Hong Kong and Singapore reopen borders exempting travellers from strict COVID-19 restrictions

 Friday, October 16, 2020 


It is for the first time in seven months, most popular South Asian countries, Hong Kong and Singapore will open their borders for each other by exempting travellers from strict deadly COVID-19 restrictions.

By creating a travel pact, Asia’s two big financial hubs aim to ease travel difficulties for residents of both nations and visiting foreigners, with what both governments claim is the “world’s first” reciprocal travel bubble.

Hong Kong’s Commerce Secretary Edward Yau and Singapore’s Transport Minister Ong Ye Kung issued a joint statement saying that travellers under the scheme would only need to present a negative Covid-19 test result to be allowed to travel freely on dedicated flights. However, the details of the scheme, including the launch date, are yet to be fleshed out in the coming weeks.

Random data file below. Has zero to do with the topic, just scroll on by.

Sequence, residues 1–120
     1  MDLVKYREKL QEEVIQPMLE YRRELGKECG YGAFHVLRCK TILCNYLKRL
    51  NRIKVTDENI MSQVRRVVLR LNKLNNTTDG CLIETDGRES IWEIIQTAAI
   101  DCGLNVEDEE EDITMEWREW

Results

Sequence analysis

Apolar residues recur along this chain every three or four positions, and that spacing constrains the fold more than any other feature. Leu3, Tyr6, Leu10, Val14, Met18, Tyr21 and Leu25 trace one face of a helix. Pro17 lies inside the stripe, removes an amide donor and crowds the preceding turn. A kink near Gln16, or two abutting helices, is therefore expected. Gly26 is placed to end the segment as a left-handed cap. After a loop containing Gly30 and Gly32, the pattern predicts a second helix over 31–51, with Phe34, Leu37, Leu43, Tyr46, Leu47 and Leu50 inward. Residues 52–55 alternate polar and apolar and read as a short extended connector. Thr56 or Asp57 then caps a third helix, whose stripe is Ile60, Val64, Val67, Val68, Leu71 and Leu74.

Hong Kong banned all non-residents from entering its borders in March when it started seeing the first few cases of its coronavirus outbreak. The residents of mainland China and Macau also had to quarantine themselves for 14 days upon arrival. The city has since reported 5,213 infections and 105 deaths so far.

The pact with Singapore is Hong Kong’s first attempt at creating a travel bubble as Covid-19 cases start to fall. However, Singapore has gone further, easing restrictions for essential business and official travel for a list of countries including China, Japan and South Korea. Singapore also closed its borders in March, and has 57,889 confirmed cases and 28 deaths so far. Both cities have managed to get their Coronavirus outbreak under control with falling local infections.

Australia and New Zealand also agreed plans for a travel bubble beginning this week, but the arrangement is not reciprocal, with quarantine-free travel only allowed for those travelling to Australia from New Zealand and not visa-versa.

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